It’s true that, in some cultures at least, all this is preceded by Halloween, during which skeletons and open graves and ghosts abound. If anything, this should remind us of the reality of death. We cannot, and there would be no point in running away from it. But for us Christians death is not the end of the story. All Saints’ Day reminds us that there is much more after death. The moment of death is the moment when we meet our God for the last time, which lasts for eternity. Jesus himself went through the experience of death, and it was not an easy moment – neither for him nor for his loved ones. But he came out of the tomb victorious, and this is the basis of our whole faith. St Paul reminds us in one of his letters that if Christ did not come out of the dead, our faith would have been in vain. In today’s second reading he expresses this same thought in a very beautiful way: “We do not want you to be uninformed, brothers and sisters, about those who have died, so that you may not grieve as others do who have no hope. For since we believe that Jesus died and rose again, even so, through Jesus, God will bring with him those who have died.”
The moment of death will be the last time when we meet our God, but definitely not the first time. God visits us in different ways throughout our lives, and we have to be on the alert not to miss those encounters. In particular, God meets us in people around us. “Whatever you do to anyone of these little ones, you are doing it to me,” Jesus once said. And how could we forget that beautiful passage from Matthew’s gospel which gives a context to this phrase, when Jesus explains to us how we shall be judged? “I was hungry”, “I was thirsty”, “I was naked”, so on and so forth.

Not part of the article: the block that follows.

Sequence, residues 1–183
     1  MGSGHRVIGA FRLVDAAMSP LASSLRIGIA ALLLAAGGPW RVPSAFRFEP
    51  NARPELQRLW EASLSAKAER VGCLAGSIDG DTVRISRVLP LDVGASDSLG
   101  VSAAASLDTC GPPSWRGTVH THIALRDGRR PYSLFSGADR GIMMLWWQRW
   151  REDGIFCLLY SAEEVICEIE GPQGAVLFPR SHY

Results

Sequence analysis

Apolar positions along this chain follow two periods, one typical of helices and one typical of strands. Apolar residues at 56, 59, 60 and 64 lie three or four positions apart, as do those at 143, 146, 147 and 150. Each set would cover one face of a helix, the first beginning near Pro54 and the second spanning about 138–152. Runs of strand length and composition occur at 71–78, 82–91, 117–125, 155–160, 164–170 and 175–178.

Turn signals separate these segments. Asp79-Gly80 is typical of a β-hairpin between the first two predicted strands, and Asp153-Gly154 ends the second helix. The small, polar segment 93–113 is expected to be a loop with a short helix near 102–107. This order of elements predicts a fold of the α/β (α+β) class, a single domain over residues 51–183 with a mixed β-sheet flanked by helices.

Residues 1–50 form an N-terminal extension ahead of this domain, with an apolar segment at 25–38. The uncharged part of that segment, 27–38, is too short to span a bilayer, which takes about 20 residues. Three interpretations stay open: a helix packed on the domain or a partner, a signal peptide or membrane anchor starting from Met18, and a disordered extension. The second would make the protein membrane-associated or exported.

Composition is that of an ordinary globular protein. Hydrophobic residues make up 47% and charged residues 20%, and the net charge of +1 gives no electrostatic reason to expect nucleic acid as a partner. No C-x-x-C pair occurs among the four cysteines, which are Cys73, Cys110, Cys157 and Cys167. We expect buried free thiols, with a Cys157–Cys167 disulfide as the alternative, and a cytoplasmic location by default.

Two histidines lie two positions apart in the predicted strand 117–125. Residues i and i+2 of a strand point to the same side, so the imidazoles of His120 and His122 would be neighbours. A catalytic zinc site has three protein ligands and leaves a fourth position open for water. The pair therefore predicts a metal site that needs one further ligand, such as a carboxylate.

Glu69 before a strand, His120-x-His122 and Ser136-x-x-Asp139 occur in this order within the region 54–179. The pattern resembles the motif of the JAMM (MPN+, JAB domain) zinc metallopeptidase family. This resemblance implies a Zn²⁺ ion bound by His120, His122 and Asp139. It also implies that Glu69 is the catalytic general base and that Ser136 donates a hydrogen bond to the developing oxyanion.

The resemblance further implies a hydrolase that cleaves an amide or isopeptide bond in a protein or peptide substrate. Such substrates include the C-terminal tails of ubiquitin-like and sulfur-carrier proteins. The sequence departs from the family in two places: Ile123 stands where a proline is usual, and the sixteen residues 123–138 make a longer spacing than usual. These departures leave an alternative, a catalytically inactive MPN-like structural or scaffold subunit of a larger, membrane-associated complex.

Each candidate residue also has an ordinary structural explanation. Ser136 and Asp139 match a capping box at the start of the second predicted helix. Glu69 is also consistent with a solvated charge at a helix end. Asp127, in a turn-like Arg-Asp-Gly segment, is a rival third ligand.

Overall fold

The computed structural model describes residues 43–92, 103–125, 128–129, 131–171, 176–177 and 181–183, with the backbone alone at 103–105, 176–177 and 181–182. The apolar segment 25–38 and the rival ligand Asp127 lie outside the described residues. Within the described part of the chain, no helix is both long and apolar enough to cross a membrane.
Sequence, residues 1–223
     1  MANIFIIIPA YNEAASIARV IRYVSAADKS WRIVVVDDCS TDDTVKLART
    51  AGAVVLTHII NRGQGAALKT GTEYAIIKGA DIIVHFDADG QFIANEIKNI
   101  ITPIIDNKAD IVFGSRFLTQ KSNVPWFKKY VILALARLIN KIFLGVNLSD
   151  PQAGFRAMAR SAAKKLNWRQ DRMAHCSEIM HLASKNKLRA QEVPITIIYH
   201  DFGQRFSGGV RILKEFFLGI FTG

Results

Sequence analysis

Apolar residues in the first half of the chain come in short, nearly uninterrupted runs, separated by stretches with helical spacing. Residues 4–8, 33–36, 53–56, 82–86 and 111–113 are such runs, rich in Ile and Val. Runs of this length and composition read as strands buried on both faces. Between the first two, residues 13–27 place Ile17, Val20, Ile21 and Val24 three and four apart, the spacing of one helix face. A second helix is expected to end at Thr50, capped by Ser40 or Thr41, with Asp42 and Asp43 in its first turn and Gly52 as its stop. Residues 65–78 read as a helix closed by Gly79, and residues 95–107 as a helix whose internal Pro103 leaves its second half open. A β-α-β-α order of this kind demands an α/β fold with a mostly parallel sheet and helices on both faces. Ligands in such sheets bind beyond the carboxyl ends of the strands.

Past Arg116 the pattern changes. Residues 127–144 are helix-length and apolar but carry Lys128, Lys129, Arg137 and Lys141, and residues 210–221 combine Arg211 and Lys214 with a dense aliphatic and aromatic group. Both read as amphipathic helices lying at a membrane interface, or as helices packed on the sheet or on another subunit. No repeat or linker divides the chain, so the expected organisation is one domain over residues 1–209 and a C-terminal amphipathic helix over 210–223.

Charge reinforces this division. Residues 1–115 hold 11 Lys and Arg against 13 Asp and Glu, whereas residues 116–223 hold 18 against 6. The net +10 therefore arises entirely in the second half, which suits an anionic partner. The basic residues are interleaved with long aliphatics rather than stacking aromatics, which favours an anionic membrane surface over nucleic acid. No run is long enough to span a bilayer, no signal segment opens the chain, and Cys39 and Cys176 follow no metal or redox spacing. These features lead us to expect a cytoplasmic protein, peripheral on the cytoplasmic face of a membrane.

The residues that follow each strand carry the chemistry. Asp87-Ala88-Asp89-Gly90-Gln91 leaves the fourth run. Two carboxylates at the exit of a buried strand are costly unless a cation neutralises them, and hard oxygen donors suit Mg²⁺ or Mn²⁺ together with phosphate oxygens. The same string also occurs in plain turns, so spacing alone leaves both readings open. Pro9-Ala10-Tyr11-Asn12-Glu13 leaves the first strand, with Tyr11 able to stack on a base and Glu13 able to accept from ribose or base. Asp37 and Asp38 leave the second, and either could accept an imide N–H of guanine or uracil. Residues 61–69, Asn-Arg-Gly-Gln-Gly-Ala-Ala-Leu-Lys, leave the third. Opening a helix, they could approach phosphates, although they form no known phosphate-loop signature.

Today’s parable comes slightly before this passage in the same chapter of the gospel. Half of the bridesmaids were prepared for the coming of the bridegroom, while the other half were not. The latter group, unfortunately, missed out on enjoying the banquet, simply because they were not prepared.
Let us make sure that we are prepared to recognize the “groom” when he comes to visit us in the face of our brothers and sisters, especially those who are needy. This is the oil we carry with us so that we can enter the final banquet and meet him face to face, for which we are all invited.